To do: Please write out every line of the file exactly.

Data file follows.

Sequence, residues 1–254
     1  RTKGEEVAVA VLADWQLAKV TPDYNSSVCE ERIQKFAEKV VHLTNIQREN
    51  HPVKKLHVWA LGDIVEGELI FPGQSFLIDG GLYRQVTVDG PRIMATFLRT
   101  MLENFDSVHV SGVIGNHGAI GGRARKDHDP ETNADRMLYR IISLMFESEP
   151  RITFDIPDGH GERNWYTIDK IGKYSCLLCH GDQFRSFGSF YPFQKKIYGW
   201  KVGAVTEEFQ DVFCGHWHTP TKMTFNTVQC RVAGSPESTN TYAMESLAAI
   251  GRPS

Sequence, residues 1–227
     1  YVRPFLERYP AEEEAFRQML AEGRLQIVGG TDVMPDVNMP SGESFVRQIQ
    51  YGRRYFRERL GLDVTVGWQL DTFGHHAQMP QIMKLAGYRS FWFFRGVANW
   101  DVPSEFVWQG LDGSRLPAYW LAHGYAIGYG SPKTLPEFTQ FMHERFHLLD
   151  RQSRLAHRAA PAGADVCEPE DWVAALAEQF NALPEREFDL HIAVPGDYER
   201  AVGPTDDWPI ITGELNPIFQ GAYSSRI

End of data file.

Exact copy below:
Sequence, residues 1–254
     1  RTKGEEVAVA VLADWQLAKV TPDYNSSVCE ERIQKFAEKV VHLTNIQREN
    51  HPVKKLHVWA LGDIVEGELI FPGQSFLIDG GLYRQVTVDG PRIMATFLRT
   101  MLENFDSVHV SGVIGNHGAI GGRARKDHDP ETNADRMLYR IISLMFESEP
   151  RITFDIPDGH GERNWYTIDK IGKYSCLLCH GDQFRSFGSF YPFQKKIYGW
   201  KVGAVTEEFQ DVFCGHWHTP TKMTFNTVQC RVAGSPESTN TYAMESLAAI
   251  GRPS

Sequence, residues 1–227
     1  YVRPFLERYP AEEEAFRQML AEGRLQIVGG TDVMPDVNMP SGESFVRQIQ
    51  YGRRYFRERL GLDVTVGWQL DTFGHHAQMP QIMKLAGYRS FWFFRGVANW
   101  DVPSEFVWQG LDGSRLPAYW LAHGYAIGYG SPKTLPEFTQ FMHERFHLLD
   151  RQSRLAHRAA PAGADVCEPE DWVAALAEQF NALPEREFDL HIAVPGDYER
   201  AVGPTDDWPI ITGELNPIFQ GAYSSRI